Onions should be harvested when about two-thirds of the tops have fallen over and dried, and the “necks” of the onions have started to dry. A common misconception among gardeners is that if they bend over the onion leaves, while they are still green and growing, it will prevent the leaves from growing so much and “send more energy to the bulbs”, resulting in larger onions. It’s also thought that this practice will make the onions mature faster. Unfortunately, it only succeeds in reducing bulb growth since the leaves, which manufacture carbohydrates stored in the bulbs and increase bulb size, are killed.
Research has shown that optimum flavor and sweetness is achieved if onions are harvest when 80% of the foliage has died back. However, once your onions reach this stage, don’t wait more than one or two weeks to harvest; the bulbs may begin to rot, or grow again and go to seed.
Careful handling is essential during harvest to avoid bruising the onions, which helps prevent storage rot. Onions can be lifted by gently pulling the foliage or by pushing them up with a garden fork inserted below the bulbs. Gently brush remaining soil off the bulbs with a soft brush or gloved hand. After harvest, the bulbs must be “cured” if they will be stored for any length of time.
Curing can be done either in the field or in a protected location away from rain. Field cure onions after harvesting by placing them in rows with the leaves partially covering the bulbs. This helps prevent sunburn or greening. Leave the onions in the field until the outer leaves and neck are completely dry and papery. After curing the onion leaves may be left on and braided, or cut off leaving at least one-inch of the top for storing.
If rain is predicted during the harvest period, onions can be cured in a warm, dry, well-ventilated location out of direct sun. After harvesting and removing excess soil, trim away the foliage, leaving a one-inch section of stem at the neck. Place the onions in single layers, in large, flat trays. Simple trays can be made with lathe strips, leaving one half inch between strips to allow for adequate air circulation. Mesh or burlap bags may also be used. Leave the onions in the trays or bags until the outer leaves and neck are dry and papery.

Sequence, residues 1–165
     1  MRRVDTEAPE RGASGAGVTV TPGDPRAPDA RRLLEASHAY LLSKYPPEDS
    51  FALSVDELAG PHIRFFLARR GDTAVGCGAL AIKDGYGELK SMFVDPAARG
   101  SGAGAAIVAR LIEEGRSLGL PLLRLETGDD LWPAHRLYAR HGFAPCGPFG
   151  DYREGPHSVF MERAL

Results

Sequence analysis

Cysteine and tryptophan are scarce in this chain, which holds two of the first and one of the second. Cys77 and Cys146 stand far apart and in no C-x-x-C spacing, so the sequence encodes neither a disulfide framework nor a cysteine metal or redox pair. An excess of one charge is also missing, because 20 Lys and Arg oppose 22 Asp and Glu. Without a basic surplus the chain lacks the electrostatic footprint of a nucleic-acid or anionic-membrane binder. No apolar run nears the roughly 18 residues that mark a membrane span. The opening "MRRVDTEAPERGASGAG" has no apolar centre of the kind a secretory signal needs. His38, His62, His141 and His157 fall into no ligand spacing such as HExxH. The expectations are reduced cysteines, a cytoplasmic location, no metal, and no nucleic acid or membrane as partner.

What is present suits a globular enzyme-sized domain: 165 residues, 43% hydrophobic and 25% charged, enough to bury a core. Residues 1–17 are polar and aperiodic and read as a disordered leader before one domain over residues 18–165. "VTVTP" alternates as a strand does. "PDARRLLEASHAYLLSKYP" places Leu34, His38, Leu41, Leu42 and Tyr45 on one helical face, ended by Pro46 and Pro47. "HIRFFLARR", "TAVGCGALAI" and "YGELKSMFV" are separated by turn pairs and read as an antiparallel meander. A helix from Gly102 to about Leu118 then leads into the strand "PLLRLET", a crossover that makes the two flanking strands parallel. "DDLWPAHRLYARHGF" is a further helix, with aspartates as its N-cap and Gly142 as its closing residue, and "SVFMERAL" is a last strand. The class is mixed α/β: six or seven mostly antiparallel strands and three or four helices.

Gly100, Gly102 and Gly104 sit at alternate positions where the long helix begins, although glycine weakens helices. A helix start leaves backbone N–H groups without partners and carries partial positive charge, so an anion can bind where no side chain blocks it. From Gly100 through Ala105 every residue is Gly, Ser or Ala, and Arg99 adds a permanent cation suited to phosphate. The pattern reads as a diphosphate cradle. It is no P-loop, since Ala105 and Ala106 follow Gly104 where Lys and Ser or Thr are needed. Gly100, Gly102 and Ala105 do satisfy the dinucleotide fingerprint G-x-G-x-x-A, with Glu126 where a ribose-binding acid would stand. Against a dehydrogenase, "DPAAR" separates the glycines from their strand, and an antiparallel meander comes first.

Only firm bulbs should be kept for storage. Onions that are bruised or have a thick neck should not be stored, but used as soon as possible. Do not store other fruits or vegetables with onions and garlic. Keep the onion storage area temperature between 32-36 ° F, with 60% or less relative humidity for longest storage.
One effective storage method is to place an onion in an old nylon stocking, tie a knot and add another onion. When the stocking is filled, suspend it from the rafters in the storage area.
Garlic is planted from individual cloves in early to mid October so the plants have time to grow roots and a few leaves before fall. Space cloves 3 to 4 inches apart and plant 1 to 2 inches deep, similar to onion sets. Large cloves will produce larger bulbs than smaller cloves.
Harvest the bulbs when the leaves have fallen over naturally, then allow them to dry in a well-ventilated location out of direct sun for a few days. At this point, the remaining leaves can be braided together into strings to finish drying or the bulbs can be placed in an old nylon stocking as for onions.